Improved Security and Privacy Through Optimal Cookies and Permissions ManagementYou should take the necessary measures to protect yourself from security and privacy breaches against unauthorized access, and the revamped Google controls let you do just that by giving you better control over cookies. Cookies are basically trackers that follow your browsing movement, which Chrome will now let you manage easily. It will also block any third-party cookies, irrespective of whether you are in Incognito mode or not. You see, when you enter Incognito mode, Chrome doesn’t save your browsing history, browser cookies, and any information you might have entered in forms. Chrome 83 will now automatically block third-party cookies within every Incognito session. Should you want to permit third-party cookies for a site, you will have to click the ‘eye’ icon on the address bar. Keep in mind, though, that this feature isn’t available right away, but Windows, Android, Mac, and Linux will eventually support it. Interestingly, it’s Google that is joining the blocking third-party cookies bandwagon just now. Mozilla had offered this feature in Firefox‘s private browsing mode back in November 2015, and in June 2019, it blocked third-party cookies by default in all browser sessions. In other words, the browser's regular mode, as well as private mode, block third-party cookies by default. A new section in Chrome will highlight your recent permissions activity, letting you find sensitive website permissions such as access to a camera, microphone, location, and notifications without any hassle. “Clear browsing data” has now been moved to the top of the privacy and security section, while a “You and Google“ section is featured at the top of Chrome settings. You can use the latter to find sync controls that will give you complete control of the data you share with Google.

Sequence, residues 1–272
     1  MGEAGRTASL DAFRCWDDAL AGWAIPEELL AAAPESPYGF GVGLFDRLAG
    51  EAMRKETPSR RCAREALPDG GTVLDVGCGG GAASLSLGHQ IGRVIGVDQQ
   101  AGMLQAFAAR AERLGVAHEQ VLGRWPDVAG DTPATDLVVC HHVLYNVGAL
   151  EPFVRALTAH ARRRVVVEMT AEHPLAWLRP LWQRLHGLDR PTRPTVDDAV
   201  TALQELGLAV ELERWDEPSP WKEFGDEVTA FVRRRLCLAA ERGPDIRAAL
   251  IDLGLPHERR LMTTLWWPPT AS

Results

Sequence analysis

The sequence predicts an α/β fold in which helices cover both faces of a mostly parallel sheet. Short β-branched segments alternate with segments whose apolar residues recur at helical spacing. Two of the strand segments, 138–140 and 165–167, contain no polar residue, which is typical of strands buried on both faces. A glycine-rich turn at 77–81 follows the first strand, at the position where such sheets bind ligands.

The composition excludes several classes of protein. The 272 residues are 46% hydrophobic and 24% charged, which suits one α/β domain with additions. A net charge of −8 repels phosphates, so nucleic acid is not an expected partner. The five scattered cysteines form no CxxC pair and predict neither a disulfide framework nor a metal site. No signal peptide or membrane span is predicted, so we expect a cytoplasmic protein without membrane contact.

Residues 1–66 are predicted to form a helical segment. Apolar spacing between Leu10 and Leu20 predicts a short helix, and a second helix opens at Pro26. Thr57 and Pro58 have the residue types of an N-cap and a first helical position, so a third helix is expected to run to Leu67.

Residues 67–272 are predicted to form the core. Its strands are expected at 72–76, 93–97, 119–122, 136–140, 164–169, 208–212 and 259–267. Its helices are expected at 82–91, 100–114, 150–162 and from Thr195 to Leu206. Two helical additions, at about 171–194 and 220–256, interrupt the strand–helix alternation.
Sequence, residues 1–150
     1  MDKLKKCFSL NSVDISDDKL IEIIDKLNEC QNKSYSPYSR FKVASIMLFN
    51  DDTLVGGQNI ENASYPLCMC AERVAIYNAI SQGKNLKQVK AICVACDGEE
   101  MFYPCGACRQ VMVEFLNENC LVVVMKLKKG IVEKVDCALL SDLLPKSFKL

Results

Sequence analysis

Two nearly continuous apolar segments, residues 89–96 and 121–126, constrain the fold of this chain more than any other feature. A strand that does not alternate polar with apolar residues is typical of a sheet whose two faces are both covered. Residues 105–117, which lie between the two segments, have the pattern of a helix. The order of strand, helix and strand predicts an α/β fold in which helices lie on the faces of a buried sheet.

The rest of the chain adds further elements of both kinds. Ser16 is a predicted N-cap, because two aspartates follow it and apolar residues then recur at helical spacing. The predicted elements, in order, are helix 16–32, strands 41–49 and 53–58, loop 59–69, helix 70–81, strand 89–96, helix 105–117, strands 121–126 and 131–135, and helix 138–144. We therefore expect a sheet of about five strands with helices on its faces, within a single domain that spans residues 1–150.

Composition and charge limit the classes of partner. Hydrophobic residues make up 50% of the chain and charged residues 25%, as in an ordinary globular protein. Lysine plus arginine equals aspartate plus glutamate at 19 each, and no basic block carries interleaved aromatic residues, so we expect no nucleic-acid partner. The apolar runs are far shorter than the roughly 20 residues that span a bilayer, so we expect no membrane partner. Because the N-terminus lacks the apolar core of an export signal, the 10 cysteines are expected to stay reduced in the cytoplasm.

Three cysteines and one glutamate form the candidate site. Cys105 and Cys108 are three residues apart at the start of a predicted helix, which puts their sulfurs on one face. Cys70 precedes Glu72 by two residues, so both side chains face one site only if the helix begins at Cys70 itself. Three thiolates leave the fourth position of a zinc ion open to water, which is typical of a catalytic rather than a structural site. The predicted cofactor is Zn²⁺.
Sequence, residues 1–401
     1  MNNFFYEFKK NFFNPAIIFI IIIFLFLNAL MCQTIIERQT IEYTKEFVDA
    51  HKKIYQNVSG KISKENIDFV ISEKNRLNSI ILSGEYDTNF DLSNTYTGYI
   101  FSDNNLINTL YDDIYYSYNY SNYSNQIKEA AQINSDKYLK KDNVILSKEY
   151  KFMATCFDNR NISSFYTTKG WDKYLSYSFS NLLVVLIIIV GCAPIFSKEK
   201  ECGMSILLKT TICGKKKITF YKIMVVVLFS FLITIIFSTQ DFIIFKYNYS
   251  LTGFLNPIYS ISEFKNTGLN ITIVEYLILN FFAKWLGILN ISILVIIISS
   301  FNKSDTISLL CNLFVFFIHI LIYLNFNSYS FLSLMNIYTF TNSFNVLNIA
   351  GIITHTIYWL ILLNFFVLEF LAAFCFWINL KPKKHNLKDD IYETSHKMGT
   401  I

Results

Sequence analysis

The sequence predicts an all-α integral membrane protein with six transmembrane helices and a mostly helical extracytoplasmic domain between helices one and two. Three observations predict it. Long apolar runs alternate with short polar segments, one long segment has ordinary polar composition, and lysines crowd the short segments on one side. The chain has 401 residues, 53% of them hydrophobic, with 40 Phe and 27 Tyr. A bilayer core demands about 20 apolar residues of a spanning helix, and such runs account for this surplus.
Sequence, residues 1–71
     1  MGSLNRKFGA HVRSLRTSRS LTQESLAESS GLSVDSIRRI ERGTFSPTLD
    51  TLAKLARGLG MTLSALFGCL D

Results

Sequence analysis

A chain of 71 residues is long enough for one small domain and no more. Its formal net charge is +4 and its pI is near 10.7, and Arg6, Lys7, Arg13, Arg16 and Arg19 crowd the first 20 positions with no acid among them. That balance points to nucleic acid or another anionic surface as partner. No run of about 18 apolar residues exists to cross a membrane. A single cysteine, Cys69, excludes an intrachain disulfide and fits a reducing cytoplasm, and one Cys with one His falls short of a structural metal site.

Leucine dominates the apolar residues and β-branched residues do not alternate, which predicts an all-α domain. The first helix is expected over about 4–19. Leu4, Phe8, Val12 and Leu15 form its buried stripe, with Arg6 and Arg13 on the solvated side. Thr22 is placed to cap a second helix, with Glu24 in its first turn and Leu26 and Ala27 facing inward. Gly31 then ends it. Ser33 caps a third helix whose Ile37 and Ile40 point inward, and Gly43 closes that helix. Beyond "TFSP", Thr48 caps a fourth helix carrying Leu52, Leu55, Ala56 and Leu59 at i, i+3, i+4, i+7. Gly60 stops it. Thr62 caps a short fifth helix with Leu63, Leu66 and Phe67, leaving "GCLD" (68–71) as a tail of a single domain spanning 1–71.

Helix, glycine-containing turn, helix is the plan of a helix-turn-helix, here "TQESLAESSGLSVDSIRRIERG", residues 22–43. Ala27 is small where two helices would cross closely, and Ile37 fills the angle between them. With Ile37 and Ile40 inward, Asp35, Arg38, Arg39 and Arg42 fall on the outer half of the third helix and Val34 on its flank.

Safer Browsing Security and Privacy Along With Secure DNS in ChromeGoogle has developed two security upgrades: Enhanced Safe Browsing and a Secure Domain Name System (DNS). And instead of setting these two upgrades to default, it gives you the chance to “opt in to” them. Enhanced Safe Browsing will protect your data when you use Google apps like Drive or Gmail based on a holistic view of web-based threats against your Google account. It will proactively check downloads and pages to provide tailored protection from different types of phishing sites and malware. Google plans to add more protections to this model in the upcoming years, such as cross-product alerts and tailored warnings. The Secure DNS feature will also enhance your browsing security and privacy. Whenever you open a website, this feature will use DNS-over-HTTPS to encrypt the step, which will prevent attackers from seeing the sites you visit. Hence, they won’t be able to redirect you to phishing websites.